We are being called to create places for people to develop their understanding of God.  The world is full of places willing to tell people the requirements to receive God’s love, but this is not God’s message.  As Methodist people we need to share that God is to be questioned, explored and understood.  That faith is not static, but instead a process to be lived.   A process through which God shares love through us.

 

The ancient writer of Isaiah understood this.  The scripture today comes from Isaiah and it illustrates an invitation to know God is near to us, that God is with us and not out to get us.

 

 

 

 

 

 

Isaiah 55

The Message (MSG)

Buy Without Money

55 1-5 “Hey there! All who are thirsty,
    come to the water!
Are you penniless?
    Come anyway—buy and eat!
Come, buy your drinks, buy wine and milk.
    Buy without money—everything’s free!
Why do you spend your money on junk food,
    your hard-earned cash on cotton candy?
Listen to me, listen well: Eat only the best,
    fill yourself with only the finest.
Pay attention, come close now,
    listen carefully to my life-giving, life-nourishing words.
I’m making a lasting covenant commitment with you,
    the same that I made with David: sure, solid, enduring love.
I set him up as a witness to the nations,
    made him a prince and leader of the nations,
And now I’m doing it to you:
    You’ll summon nations you’ve never heard of,
and nations who’ve never heard of you
    will come running to you
Because of me, your God,
    because The Holy of Israel has honored you.”

6-7 Seek God while he’s here to be found,
    pray to him while he’s close at hand

This text from Isaiah comes from the end of section calling the Hebrew people to come back from exile in Babylon.  You see the Hebrew people had been conquered and their leaders, artisans, architects, there gifted had been sent away to live in exile.  Now they had been released to return, but none wanted to go.  They had been given comfortable lives in Babylon and the risk to return to a place that they no longer knew was high.  Though it had long been their home, and the place that God had promised to them, they were unsure.  The words Isaiah writes here are ones that would inspire, and push people to see God’s generous love was worth returning to the land of Israel.  It would be a huge risk, but one the prophet believes will allow them to connect with their God again.[1]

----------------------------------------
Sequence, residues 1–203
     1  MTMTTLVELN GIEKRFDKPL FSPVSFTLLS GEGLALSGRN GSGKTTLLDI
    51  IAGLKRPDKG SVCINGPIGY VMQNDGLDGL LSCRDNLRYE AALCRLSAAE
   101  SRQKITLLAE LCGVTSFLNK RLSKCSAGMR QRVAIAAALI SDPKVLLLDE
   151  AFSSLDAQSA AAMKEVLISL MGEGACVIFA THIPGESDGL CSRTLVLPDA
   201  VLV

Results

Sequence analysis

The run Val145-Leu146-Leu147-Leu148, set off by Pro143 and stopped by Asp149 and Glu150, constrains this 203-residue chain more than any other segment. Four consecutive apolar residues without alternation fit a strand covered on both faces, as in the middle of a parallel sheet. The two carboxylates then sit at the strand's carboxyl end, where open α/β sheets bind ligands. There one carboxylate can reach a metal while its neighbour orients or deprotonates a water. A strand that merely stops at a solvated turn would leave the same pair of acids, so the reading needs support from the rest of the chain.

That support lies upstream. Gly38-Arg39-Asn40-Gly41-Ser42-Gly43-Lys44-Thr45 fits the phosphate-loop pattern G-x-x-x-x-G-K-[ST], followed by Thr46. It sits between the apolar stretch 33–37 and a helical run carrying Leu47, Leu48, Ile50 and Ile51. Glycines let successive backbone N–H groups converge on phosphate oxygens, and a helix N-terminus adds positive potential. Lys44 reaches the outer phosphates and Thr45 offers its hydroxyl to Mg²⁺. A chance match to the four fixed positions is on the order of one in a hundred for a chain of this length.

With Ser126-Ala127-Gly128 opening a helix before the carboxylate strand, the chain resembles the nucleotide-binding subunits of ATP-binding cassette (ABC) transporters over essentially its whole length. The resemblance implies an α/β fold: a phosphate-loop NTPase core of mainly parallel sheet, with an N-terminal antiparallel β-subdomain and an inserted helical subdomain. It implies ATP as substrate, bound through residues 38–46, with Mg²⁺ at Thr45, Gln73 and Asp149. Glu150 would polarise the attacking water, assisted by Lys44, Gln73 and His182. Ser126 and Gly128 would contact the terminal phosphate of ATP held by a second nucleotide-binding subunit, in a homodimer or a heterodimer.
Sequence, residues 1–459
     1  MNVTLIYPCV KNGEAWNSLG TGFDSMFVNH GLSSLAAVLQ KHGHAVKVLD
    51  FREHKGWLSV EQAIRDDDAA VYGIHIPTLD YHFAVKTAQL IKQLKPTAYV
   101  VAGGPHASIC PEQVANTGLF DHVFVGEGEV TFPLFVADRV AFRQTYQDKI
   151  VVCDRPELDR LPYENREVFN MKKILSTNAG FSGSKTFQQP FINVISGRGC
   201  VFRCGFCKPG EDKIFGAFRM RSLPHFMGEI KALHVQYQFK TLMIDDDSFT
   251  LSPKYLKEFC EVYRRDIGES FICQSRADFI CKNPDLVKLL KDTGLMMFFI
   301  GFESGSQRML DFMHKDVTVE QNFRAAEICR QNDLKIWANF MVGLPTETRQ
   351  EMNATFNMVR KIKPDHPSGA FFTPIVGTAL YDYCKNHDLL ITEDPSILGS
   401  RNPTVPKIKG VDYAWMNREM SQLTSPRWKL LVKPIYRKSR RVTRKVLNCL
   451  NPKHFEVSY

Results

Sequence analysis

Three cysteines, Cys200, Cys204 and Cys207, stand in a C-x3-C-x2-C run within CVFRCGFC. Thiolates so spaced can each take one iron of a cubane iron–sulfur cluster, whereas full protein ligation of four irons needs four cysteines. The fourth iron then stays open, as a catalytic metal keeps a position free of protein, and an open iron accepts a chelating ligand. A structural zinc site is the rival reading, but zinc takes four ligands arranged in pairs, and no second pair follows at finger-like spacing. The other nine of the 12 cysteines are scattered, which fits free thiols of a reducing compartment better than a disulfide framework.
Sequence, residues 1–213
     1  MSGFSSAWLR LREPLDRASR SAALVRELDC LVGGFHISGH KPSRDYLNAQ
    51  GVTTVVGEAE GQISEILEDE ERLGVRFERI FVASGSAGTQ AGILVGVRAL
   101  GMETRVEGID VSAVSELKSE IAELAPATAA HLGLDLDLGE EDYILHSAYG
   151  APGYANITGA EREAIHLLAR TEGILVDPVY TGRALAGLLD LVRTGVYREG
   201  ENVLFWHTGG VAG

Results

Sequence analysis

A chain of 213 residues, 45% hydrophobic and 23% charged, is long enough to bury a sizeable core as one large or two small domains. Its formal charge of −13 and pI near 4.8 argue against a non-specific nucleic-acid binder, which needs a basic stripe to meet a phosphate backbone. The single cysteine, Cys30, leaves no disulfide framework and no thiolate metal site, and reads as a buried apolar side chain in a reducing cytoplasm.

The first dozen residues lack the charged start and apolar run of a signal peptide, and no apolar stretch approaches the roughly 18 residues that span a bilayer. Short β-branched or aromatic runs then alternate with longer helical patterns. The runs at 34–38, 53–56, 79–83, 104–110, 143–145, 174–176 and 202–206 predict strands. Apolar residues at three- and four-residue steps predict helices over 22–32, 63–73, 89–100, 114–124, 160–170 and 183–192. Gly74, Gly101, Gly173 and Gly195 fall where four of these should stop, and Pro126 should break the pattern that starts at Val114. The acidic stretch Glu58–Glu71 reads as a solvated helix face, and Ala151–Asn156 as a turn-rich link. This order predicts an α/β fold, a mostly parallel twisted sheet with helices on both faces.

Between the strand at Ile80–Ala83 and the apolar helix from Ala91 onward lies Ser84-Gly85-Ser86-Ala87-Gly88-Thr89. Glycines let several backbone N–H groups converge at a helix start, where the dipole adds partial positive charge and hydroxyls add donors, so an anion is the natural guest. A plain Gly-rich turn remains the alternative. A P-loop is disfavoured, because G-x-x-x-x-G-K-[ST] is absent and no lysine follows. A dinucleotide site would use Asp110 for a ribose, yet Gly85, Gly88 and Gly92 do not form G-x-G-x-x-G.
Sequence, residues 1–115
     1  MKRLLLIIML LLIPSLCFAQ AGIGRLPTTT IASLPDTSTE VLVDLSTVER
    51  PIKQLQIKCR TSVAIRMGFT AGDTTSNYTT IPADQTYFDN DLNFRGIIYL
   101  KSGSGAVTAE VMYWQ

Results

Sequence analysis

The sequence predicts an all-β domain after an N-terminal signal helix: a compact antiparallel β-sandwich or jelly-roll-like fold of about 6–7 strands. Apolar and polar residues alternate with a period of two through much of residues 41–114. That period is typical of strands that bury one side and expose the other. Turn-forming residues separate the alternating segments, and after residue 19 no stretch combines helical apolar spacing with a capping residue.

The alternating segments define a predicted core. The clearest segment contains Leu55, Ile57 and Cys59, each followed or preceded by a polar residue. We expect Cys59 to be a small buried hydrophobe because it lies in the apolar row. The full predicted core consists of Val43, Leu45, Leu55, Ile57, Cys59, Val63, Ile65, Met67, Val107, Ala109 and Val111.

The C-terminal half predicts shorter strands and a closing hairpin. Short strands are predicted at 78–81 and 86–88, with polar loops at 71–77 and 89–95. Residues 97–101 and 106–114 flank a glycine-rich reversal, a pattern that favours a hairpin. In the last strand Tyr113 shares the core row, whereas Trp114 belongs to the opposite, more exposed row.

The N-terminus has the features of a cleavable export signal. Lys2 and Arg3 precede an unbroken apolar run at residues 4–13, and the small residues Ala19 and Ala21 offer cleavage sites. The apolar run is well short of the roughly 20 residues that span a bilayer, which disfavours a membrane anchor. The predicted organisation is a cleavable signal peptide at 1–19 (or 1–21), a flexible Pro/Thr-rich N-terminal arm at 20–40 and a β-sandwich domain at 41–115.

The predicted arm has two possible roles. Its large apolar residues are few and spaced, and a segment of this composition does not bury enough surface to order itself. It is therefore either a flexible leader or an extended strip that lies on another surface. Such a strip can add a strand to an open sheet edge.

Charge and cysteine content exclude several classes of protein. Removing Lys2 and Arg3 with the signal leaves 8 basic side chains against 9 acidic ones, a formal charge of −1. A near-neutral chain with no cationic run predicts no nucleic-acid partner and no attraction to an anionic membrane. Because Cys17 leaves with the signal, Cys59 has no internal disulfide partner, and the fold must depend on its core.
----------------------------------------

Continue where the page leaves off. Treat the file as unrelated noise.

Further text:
Faith involves risk to us.  When we step out to share faith through kindness we make ourselves vulnerable.  The Hebrew people were scared to step out in faith.  I don’t blame them they had been beat up, and carried off to Babylon.  Then suddenly they were asked to go back and create their community again.  They would go back to their homeland and would find it much different because it had been multiple generations, since they had last been there.  Different people would own the land, old relationships would be gone, but God was calling them to return to re-create their community.

 

Now I know that there were other realities facing these people.  They literally would be leaving a land where they had homes and returning to a nearly foreign space.  I don’t mean we literally need to reclaim land, because implicit in Isaiah’s call is some violence to reclaim what was lost.  However, I do believe Isaiah’s words have meaning for us as we openly share the gifts of God.

 

I must admit knowing the Hebrew people’s predicament, that I would cower where it was comfortable too, but Isaiah writes these brilliant words to remind the people of God’s gift to them.  God loves them so much that he risks being vulnerable with them, and in being vulnerable he shares his gifts.  God does not hoard his power, but instead shares the life of faith with us all. God calls all people to share God’s love with the world.

 

Christ demonstrates that to return the kingdom we are called to share God’s love, for our greatest commandment is “love our neighbor.”   Living the faith of Christ is to trust that by doing this one act of loving our neighbor, that God will be present in the world.

 

You see in sharing with others we find our faith.  When I share with others I find my faith again, in how God’s love is present in myself.  I also receive God’s faith through the compassion of others, shared with me.

 

We must encourage people to question their faith and in turn share God’s love, so that faith can be felt.

 

Pistis is the greek word for Faith, its meaning is that faith flows from God, not from us.  You see we can question faith, because it is not ours to build or destroy.  God is the source of faith, Martin Luther shared this, because he believed people did not need to do good works to receive God’s grace.  This is true, but in doing good works we can feel and see God’s grace and love better.  Pistis gives us hope that faith will be there even if we need to take time to question it.  Like a mustard seed, it will remain there small and steady.

 

 

We are a people that believe in a God of love.  And the best part is our faith comes when we share that love with people.  Listening to them, helping them when they are in a bind, creating spaces for learning, and places for healing.  God’s love comes to us despite what we do, however when we share God’s love we will feel Faith.

 

The reason I share the story of the funerals I have done isn’t to be a downer, it is to share that as Methodist people you create space for Pastoral leaders like Su and myself to be with people in times of pain.  By doing this we live out our Faith as leaders and guides with God.  You create communities like Covenant that seek to share God’s love with people.  By doing this you live out your Faith as leaders and guides with God.  You are a covenant in this community that God is here and God loves us all.  We together are creating a better world by simply being people that love others, that are willing to reach beyond our differences as Jesus did, and risk changing the world.

 

I look forward to being in ministry with all of you, as we risk our world to change the world.